Manufacturer: Northrop Grumman Unmanned Systems
Service: USN, USMC Propulsion: One Rolls-Royce 250C20W heavy fuel turboshaft engine Airspeed: 110 knots Range: 110 nm
Load: 600 pounds, including electro-optical/infrared sensor and laser
The R/MQ-8 Fire Scout Vertical Takeoff and Landing Tactical Unmanned Aerial Vehicle (VTUAV) system is comprised of ground control stations, up to three MQ-8B Fire Scout air vehicles, and associated control handling and support equipment. The VTUAV system is designed to operate from air-capable ships with initial deployment on the Littoral Combat Ship (LCS) and will provide a significant improvement to organic surveillance capability.
With vehicle endurance greater than five hours, a VTUAV system will be capable of twelve continuous hours of operations providing coverage 110 nautical miles from the launch site. The air vehicle is capable of providing UHF/VHF voice communications relay and has a baseline payload that includes electro-optical/infrared sensors and a laser designator that enables the system to find tactical targets, track and designate targets, accurately provide targeting data to strike platforms and perform battle damage assessment.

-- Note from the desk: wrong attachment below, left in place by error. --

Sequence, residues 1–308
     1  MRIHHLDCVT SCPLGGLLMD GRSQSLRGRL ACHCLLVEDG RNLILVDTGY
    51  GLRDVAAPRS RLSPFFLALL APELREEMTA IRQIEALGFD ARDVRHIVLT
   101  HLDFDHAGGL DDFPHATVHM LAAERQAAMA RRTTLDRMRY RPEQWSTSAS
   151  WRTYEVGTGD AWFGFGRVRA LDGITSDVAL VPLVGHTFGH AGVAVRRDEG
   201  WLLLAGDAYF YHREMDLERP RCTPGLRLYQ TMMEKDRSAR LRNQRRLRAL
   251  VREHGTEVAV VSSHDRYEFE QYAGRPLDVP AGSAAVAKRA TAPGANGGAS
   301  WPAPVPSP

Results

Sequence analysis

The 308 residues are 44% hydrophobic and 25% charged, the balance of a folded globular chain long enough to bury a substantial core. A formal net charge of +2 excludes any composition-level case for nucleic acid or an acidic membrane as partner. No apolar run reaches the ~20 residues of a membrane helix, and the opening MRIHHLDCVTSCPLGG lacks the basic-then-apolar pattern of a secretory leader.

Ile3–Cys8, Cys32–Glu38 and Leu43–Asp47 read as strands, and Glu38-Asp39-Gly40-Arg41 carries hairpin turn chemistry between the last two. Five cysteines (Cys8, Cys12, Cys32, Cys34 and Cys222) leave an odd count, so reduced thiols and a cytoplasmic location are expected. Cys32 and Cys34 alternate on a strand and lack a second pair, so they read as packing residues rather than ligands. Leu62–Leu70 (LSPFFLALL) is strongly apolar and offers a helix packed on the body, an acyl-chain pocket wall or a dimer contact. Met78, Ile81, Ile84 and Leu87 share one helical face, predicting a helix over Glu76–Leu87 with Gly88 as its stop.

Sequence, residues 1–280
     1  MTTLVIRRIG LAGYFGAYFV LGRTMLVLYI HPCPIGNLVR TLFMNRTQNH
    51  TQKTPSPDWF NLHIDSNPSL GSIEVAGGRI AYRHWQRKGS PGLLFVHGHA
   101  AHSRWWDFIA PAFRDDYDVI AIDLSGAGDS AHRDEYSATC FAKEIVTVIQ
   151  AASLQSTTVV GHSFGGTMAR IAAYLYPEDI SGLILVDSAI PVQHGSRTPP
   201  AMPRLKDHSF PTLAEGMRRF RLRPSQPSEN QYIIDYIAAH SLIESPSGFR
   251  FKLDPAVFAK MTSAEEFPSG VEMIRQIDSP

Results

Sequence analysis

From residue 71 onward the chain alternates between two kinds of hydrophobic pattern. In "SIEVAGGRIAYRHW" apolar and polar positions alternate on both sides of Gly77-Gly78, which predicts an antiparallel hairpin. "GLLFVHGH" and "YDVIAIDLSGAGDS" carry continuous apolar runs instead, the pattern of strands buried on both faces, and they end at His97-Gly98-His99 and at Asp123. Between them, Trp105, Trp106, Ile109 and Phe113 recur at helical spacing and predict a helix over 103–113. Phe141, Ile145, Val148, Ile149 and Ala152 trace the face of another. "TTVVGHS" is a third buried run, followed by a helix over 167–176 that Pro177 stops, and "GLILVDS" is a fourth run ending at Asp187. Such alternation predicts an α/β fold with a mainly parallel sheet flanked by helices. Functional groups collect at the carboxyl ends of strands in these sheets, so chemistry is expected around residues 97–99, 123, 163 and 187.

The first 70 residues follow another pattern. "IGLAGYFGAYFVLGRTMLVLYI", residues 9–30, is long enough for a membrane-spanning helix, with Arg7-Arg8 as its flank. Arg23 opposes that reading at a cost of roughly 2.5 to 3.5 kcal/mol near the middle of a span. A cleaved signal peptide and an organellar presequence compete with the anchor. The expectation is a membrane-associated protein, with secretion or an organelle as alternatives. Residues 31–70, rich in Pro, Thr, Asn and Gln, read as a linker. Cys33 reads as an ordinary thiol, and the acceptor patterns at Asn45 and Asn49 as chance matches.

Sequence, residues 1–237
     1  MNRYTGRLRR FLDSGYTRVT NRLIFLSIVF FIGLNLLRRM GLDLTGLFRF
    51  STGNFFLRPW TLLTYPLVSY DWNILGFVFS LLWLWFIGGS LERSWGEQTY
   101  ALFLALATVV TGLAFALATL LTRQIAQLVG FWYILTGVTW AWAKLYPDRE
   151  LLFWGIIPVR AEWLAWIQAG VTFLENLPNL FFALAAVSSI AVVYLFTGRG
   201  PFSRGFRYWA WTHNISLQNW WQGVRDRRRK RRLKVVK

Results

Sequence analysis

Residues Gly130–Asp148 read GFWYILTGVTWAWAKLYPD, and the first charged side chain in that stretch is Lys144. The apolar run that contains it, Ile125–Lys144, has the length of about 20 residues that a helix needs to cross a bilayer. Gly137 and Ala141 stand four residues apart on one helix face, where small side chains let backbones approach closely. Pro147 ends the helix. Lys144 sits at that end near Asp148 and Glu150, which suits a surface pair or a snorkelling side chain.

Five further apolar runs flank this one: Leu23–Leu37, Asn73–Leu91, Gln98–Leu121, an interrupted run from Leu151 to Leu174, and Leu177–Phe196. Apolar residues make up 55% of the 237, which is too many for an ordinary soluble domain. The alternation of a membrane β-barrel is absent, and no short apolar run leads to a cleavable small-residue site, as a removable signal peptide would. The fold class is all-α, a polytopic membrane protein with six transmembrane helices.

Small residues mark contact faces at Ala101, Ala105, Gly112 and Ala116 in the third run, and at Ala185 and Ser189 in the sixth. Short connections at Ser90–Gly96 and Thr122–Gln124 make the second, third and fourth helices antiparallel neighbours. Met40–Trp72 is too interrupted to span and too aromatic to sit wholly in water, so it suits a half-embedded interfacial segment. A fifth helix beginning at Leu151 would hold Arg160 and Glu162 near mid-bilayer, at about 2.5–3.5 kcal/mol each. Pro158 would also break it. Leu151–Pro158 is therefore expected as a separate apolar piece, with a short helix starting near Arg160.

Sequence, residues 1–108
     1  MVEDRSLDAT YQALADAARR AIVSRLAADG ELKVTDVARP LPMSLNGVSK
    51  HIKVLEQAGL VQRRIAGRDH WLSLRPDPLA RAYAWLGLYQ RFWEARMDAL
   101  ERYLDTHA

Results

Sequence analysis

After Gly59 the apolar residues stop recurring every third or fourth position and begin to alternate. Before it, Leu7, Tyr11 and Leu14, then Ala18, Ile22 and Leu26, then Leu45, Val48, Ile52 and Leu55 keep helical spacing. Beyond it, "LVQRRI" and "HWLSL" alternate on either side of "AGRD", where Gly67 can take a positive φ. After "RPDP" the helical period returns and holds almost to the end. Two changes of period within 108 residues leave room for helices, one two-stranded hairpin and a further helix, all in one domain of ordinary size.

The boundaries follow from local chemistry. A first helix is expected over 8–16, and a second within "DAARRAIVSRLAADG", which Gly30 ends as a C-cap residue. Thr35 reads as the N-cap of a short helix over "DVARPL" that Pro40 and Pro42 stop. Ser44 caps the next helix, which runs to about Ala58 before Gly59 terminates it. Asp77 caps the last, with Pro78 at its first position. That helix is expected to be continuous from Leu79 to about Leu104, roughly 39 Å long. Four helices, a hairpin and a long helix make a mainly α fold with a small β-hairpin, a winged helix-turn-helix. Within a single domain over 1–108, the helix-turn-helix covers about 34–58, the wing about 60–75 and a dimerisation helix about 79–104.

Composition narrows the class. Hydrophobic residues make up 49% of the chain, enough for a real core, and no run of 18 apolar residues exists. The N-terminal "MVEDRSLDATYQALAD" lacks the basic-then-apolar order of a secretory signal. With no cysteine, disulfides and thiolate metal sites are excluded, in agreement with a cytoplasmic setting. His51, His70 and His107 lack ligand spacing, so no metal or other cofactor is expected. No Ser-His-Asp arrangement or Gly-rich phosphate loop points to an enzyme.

The air vehicle component of the VTUAV system was designated the MQ-8B to reflect the Fire Scout’s evolution toward an increased, multi-functional role. Some of the notable improvements include increased power, fuel, and payload capacity. Additionally, the MQ-8B offers more than double the mission radius and time on station than the prototype VTUAV. The MQ-8B completed first flight in December 2006. When operational, Fire Scout will provide critical situational awareness, intelligence, surveillance, reconnaissance, and targeting data to the forward deployed warfighter. The vehicle is based on the Schweizer Aircraft model 330 helicopter.
The program is currently completing EMD (engineering, manufacturing, development), and should begin low rate initial production in FY 07. Fleet introduction is on schedule for FY 08, with full rate production in FY 09 following successful operational evaluation. The current program plan is to provide systems to support LCS Mission Modules. These systems will include air vehicles, mission sensor package payloads, Ground Control Systems, Tactical Common Data Links, UAV Common Automatic Recovery Systems for automatic take-offs and landings, and shipboard grid and harpoon capture systems.
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